The sunshine and beauty of spring has brought a renewal of spirit to all of us at my house, human and canine alike.  The power of the sun has enlivened our world and called forth life.  Now is the time to get out and live it.  Time to act like a kid again and race with the dogs through the wildflowers.  All of you should do the same.  Go outside, enjoy the sun and frolic with your beasts!

 

Grimm leads Rufus in finding more spring-time adventures.

Grimm leads Rufus in finding more spring-time adventures.

 

Read Full Post »

Grimm has been acting a little weird lately.  He constantly scans the perimeter when we’re outside, he refuses to sleep by himself, and he wants to know where we keep the shotgun.  Today, I found out why:

Grimm prepares for the zombie apocalypse.

Turns out, he has been reading about zombies…and worrying about zombies…and secretly preparing for the zombie apocalypse.  He reluctantly showed me his secret horde of things he cannot live without in the midst of a zombie pandemic (and yes, one of the items was one of my flip flops).  Silly dog.  I told him he had more realistic things to worry about, like rabies.

Grimm is not alone in his fear of zombie hordes taking over the world.  Even the Center for Disease Control (CDC)  advises, “Be prepared!”.  With all the hype this year about the end of the world, I guess it never hurts to have a backup plan.

Realistically, though, rabies is still a very valid concern (and this virus does have some similarities to the zombie causing agent…whatever that may be).  Rabies attacks the central nervous system of mammals, causing disease in the brain and eventually, death.  Early symptoms include fever, headache, general malaise and discomfort.  As the disease progresses, hallucinations begin, along with partial paralysis, insomnia, confusion, hypersalivation and hydrophobia.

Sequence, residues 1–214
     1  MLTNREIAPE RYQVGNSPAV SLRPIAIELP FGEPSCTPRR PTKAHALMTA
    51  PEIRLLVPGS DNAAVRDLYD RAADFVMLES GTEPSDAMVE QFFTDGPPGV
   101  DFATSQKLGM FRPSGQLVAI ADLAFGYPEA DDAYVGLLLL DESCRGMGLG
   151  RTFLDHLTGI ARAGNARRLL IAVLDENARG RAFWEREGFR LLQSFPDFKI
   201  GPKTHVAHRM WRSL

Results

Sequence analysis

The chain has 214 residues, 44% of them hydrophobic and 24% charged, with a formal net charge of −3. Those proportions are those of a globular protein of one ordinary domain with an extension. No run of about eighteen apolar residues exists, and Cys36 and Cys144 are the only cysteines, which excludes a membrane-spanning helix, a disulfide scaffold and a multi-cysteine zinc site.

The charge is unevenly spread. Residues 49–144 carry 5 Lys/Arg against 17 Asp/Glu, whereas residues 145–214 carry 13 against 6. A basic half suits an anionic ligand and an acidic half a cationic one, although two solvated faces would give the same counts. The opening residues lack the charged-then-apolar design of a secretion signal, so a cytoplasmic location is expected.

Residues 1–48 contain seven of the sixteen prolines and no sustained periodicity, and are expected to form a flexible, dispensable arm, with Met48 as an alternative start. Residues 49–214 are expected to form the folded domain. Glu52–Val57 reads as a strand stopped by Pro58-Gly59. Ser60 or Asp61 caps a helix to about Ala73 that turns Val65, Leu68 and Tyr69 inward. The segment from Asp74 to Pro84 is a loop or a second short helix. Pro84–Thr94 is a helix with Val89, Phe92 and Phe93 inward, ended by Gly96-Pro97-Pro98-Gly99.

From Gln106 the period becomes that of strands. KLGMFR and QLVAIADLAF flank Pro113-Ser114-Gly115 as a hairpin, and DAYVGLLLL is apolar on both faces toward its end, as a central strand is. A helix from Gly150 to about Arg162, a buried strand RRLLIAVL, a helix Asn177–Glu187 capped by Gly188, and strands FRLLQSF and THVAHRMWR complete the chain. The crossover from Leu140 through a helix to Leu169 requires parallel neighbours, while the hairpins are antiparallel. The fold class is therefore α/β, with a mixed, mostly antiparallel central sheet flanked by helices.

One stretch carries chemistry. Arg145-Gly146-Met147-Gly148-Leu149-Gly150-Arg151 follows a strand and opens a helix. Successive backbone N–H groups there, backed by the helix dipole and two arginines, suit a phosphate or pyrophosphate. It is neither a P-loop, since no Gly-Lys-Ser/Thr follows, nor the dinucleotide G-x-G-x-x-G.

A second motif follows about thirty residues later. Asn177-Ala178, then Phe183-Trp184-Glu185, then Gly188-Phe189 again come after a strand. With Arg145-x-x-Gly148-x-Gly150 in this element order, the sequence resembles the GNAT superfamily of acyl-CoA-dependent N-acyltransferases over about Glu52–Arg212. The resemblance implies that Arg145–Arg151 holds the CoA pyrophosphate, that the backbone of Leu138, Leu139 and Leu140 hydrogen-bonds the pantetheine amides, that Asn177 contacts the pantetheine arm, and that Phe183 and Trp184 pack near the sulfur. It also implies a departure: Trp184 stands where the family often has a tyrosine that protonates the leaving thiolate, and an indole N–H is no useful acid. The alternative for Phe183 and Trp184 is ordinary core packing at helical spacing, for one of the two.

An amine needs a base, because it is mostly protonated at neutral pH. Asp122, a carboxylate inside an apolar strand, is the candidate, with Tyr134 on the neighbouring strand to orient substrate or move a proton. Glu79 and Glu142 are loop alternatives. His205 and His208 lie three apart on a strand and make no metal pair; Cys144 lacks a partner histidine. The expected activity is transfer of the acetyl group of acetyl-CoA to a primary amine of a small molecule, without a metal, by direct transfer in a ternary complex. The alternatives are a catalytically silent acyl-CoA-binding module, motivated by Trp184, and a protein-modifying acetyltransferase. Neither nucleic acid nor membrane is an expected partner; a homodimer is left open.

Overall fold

This sure sounds an awful lot like zombie symptoms–shuffling walk (partial paralysis), constant vigilance (insomnia), drooling (hypersalivation), eating your own family (confusion)–and I have never seen anyone portray a swimming zombie, or, for that matter, one even drinking water (hydrophobia).

Charley laughs at Grimm’s phobia of invading zombie hordes. Charley fears nothing…he is the Chuck Norris of the dog world (even if he is
almost 15 years old–this old dog has skills).

In Texas, and specifically Travis county, rabies continues to be found in both domestic and wild animals.  In 2011 (2012 stats were not yet available), Travis county had 68 confirmed rabid animals and neighboring Williamson county had 136 cases.  Most of these are bats and skunks, but even dogs, cats, horses and cattle test positive in Texas.  Rabies is found in every state except for Hawaii, and people in the U.S. still get rabies.  Vaccinating domestic animals and staying away from ill-acting wildlife remains the best preventative.

Zombie hordes, rabid pets…we humans will have no chance when the apocalypse comes.  Grimm, however, will be prepared.  He’s read Everything You Ever Wanted to Know About Zombies by Matt Mogk and The Zombie Survival Guide by Max Brooks;  he practices stealthily moving from place to place;  and he’s been honing his paw-eye coordination with the role playing games on the PlayStation.  Plus, he’s been vaccinated against rabies.  Don’t say you haven’t been warned–what you don’t know CAN eat you.

Read Full Post »

%d bloggers like this: